Tuesday, August 8, 2017

Lesson from Moses

This morning the Church of Jesus Christ of Latter-day Saints released and excommunicated Elder James J. Hamula of the First Quorum of the Seventy (the press release can be read here). The article does not specify why the action was taken, but it does note that Bro. Hamula was not excommunicated for apostasy or disillusionment, so we can be hopeful that he will repent and come back into full fellowship with the Church in the coming years.

At this time, many will be curious as to why this action was taken. May I remind all interested that these matters are private and are none of our business. As the article pointed out, general authorities are not held to a higher standard than other members in matters of discipline, so we can guess that if Bro. Hamula had been the average member of the Church, he would have been excommunicated for the same actions.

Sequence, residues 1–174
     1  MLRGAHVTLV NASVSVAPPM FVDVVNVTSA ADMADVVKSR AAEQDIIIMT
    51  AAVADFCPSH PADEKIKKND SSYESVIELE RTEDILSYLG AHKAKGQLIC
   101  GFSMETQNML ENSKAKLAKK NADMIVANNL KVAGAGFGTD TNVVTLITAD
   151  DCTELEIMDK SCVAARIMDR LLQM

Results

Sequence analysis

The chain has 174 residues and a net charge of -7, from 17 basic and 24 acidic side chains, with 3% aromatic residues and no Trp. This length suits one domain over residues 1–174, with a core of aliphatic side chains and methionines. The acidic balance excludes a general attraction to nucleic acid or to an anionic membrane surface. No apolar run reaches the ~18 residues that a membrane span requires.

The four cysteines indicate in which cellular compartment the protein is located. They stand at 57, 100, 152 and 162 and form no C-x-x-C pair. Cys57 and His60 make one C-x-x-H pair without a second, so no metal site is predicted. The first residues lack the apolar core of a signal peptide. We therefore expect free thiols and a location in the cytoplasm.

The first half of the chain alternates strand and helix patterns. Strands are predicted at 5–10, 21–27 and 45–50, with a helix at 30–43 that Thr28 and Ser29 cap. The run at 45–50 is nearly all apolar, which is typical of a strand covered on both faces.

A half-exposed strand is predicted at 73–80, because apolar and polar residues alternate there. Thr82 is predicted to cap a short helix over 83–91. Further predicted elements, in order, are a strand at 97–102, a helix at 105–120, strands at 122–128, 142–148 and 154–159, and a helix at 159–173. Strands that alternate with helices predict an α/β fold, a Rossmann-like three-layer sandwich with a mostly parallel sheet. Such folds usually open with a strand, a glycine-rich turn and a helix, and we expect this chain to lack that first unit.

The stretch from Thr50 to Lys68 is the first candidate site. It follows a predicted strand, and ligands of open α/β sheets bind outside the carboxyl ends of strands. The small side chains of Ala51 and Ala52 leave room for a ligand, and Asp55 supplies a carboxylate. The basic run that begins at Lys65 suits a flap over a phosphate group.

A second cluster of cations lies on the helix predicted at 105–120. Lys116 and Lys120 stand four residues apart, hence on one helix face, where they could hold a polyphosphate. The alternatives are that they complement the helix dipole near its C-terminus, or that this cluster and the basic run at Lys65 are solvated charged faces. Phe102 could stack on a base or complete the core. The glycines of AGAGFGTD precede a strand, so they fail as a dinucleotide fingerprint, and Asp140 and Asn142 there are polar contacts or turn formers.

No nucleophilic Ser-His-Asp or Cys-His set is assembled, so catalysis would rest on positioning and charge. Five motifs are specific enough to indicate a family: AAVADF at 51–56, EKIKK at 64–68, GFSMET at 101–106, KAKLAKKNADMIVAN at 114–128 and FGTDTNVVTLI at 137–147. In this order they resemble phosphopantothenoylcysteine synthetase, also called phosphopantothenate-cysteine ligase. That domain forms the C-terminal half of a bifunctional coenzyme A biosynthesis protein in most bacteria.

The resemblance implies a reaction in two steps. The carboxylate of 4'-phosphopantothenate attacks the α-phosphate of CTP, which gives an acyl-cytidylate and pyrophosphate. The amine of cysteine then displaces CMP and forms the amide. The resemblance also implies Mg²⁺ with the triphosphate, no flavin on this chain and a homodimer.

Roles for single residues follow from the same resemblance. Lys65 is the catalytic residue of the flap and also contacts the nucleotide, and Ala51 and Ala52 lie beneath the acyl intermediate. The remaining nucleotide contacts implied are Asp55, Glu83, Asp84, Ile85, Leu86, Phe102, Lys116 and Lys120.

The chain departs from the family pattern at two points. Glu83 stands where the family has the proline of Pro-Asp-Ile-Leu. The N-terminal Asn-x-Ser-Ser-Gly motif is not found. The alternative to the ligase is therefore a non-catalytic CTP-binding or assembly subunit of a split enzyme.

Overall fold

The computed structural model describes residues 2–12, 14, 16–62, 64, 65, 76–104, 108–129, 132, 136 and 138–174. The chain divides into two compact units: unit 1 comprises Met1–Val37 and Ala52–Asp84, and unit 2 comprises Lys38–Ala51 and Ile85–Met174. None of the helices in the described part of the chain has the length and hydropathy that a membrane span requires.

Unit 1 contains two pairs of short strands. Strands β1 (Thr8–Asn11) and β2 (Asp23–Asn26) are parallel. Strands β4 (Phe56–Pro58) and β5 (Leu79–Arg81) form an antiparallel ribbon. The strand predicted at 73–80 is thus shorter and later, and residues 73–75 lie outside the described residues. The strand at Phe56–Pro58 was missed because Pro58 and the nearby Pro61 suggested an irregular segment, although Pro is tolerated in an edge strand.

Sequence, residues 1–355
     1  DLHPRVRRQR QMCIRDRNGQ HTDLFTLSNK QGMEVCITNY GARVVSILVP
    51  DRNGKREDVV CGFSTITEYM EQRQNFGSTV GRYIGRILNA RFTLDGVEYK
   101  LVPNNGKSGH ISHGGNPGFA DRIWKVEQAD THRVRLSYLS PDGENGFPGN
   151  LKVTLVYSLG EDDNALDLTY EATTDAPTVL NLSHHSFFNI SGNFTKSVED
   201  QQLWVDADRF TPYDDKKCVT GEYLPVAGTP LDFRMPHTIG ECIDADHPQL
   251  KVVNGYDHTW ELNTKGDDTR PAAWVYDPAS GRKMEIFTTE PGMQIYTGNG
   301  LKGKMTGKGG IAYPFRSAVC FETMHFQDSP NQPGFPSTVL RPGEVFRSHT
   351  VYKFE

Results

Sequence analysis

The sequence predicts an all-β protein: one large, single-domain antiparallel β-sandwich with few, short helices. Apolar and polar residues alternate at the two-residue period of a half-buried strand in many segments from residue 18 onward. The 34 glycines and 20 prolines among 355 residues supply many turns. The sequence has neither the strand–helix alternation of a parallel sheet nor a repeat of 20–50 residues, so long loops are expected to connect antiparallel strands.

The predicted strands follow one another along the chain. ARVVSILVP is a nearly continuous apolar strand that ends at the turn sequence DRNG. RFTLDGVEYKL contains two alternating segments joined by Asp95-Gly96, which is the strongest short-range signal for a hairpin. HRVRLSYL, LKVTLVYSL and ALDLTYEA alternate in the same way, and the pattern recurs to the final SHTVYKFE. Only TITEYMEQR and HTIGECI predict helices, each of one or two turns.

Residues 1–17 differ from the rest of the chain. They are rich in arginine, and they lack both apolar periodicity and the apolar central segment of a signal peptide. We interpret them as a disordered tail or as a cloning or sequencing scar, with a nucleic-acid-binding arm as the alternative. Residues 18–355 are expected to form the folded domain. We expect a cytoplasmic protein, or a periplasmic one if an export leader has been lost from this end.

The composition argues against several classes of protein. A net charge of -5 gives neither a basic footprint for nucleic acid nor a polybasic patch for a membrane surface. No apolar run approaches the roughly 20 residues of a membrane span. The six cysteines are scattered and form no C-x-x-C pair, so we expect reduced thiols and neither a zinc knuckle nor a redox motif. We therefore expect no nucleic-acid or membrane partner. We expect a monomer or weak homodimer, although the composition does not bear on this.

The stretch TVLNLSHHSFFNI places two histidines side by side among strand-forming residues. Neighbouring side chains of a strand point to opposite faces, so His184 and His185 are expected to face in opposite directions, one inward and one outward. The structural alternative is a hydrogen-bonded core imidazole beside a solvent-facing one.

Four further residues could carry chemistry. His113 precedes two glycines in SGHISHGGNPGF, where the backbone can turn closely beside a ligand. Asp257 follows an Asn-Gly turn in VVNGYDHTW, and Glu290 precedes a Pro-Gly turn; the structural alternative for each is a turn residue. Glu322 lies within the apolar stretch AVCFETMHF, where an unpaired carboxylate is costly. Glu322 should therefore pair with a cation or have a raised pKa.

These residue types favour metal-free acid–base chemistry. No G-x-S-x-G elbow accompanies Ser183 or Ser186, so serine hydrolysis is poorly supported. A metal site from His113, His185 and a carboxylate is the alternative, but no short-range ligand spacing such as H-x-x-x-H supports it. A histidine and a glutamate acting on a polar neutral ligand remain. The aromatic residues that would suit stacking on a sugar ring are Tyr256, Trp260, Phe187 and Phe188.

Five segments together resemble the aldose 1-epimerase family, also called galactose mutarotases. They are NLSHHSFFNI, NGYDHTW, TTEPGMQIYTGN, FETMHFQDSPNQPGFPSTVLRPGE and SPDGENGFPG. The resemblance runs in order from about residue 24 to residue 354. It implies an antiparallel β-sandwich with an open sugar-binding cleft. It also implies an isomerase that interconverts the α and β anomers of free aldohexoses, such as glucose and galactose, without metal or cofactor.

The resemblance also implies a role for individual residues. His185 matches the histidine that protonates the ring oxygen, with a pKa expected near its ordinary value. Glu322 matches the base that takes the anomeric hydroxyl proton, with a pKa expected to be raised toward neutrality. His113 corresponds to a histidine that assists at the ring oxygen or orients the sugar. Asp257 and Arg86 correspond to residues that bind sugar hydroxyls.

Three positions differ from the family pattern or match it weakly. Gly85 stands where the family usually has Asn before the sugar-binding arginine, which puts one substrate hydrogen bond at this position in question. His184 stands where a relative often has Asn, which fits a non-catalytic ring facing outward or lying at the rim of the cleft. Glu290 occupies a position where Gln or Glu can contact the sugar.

Moses sees the promised land, but does not enter


There is a lesson in all of this, however. Recall with me the closing chapters of the book of Deuteronomy in the Hebrew Bible. The prophet Moses has just finished retelling the children of Israel all that had happened in their journey through the wilderness, and all the Lord had done for them; in particular he reminded them that the Lord had been merciful with them when he had wanted to destroy them in the past (Exodus 32:9). What happens next is very telling. Moses turns the people over to Joshua, and then hikes a mountain. He sees all of the promised land, but he is not permitted to enter. Why not? Because he was not obedient to the Lord when he told to speak to a rock so that it would provide water for the people; he struck the rock instead (Numbers 20:12-13).